Earlier this month, Yohannes Petros got a cease and desist letter from Hanesbrands Incorporated. Petros said it came a few weeks after he tried to register the name Hanes Hummus with trademark officials in Canada and the United States.
The clothing giant believes the name is too close for comfort.
"The mark HANES HUMMUS is essentially identical and confusingly similar to the HANES mark," said associate general counsel Richard S. Donnell in the letter from Hanes. "Your client's mark incorporates the distinctive HANES mark in its entirety and the mere addition of the generic wording HUMMUS does not distinguish the marks."
Petros, who has been making his hummus in Saskatoon for more than four years, said he knew the letter wasn't a joke but he was still surprised that a large T-shirt and underwear manufacturer thought customers would confuse the two products.
"Immediately I thought it was ridiculous but I knew it needed to be addressed," he said.
So Petros contacted a California-based attorney, Nathan Dooley, who has now responded to the letter from Hanes Brands International.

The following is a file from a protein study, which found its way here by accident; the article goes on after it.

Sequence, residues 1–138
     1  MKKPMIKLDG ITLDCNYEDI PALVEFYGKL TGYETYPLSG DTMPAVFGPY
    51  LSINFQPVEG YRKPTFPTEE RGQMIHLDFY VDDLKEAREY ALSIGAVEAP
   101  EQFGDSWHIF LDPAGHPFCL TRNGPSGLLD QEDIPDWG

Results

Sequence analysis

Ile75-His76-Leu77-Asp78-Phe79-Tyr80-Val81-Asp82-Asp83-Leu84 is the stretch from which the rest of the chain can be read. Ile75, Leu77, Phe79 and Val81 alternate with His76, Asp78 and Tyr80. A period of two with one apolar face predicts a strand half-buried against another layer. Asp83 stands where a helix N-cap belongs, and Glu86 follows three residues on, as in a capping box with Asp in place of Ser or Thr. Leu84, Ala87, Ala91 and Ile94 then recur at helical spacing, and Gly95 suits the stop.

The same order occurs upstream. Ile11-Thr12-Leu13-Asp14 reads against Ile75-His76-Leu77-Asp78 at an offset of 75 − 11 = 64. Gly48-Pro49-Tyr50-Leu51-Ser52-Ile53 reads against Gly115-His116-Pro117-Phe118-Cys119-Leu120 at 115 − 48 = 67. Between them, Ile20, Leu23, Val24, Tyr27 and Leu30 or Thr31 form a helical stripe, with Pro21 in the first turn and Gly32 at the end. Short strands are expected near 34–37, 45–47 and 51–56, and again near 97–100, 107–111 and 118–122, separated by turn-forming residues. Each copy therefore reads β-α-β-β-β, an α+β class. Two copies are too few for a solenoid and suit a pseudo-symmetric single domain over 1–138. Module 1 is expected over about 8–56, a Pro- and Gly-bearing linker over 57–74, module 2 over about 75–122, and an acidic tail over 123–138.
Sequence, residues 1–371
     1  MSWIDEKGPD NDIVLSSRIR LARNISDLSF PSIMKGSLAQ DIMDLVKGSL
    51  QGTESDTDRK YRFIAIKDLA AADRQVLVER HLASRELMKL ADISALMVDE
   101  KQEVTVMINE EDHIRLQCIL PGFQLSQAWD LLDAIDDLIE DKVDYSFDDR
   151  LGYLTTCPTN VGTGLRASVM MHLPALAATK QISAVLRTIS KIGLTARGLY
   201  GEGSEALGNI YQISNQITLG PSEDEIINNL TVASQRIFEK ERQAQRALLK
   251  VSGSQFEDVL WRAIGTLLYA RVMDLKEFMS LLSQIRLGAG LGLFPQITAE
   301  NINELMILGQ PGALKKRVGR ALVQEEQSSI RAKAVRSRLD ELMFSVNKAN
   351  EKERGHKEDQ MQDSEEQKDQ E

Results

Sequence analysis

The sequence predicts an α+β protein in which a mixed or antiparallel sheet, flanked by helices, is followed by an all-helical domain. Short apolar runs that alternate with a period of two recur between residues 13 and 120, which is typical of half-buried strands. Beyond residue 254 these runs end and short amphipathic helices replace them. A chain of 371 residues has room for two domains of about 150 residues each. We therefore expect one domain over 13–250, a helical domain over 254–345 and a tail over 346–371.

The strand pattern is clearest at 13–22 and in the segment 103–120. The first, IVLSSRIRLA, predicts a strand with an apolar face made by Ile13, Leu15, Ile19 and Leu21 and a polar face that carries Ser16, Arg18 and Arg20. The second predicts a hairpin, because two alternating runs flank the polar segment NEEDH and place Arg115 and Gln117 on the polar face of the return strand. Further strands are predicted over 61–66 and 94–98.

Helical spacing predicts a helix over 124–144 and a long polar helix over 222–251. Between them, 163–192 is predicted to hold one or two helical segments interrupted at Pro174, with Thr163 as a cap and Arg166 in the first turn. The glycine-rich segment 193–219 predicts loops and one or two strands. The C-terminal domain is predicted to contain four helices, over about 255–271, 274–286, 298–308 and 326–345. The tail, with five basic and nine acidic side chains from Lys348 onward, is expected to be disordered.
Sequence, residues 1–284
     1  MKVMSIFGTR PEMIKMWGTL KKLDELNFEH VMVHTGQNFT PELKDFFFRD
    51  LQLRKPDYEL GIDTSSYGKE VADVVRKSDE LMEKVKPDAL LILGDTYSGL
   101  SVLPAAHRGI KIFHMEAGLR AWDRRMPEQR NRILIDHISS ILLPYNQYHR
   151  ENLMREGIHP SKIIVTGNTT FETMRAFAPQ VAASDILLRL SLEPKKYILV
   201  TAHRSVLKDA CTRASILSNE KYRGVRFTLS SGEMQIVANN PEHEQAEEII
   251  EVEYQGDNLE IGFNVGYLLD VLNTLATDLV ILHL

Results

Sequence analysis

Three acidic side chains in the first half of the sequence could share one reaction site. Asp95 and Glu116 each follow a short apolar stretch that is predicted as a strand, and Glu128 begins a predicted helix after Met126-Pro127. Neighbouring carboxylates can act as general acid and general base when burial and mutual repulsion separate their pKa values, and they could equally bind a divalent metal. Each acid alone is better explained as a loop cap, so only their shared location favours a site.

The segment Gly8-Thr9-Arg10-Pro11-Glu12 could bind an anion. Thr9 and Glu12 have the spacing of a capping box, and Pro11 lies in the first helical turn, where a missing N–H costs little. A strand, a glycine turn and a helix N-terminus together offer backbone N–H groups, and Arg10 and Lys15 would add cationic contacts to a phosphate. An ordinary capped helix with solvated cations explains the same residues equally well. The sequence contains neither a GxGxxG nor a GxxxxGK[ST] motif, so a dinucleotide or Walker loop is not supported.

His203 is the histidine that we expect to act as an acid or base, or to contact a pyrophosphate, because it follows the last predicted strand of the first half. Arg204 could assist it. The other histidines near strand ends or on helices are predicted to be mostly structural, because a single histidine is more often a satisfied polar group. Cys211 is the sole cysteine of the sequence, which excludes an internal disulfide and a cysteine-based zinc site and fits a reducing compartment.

"I am confident that HBI is not in the food production business at all, let alone the production of fine and tasty hummus of the type manufactured and sold by Hanes Hummus," Dooley wrote in his response. "In view of these facts, there appears to be no danger of confusion between HBI's mark, and the Hanes Hummus mark."
What's in a name?
Because his first name is Yohannes, Petros said his nickname has been "Hanes" for years, which is what led him to use it for the name of his business.
"Although the spelling is the same, it's not like I'm calling my company, you know, Hanes and then in small letters, "hummus," he said. "It's 'Hanes Hummus'. That's what it's being branded as, right? So that's how the name came about. It stems from my name."
He said customers have never joked about his hummus being associated with T-shirts or underwear.
"Here's you know, a large multinational just being a bully."
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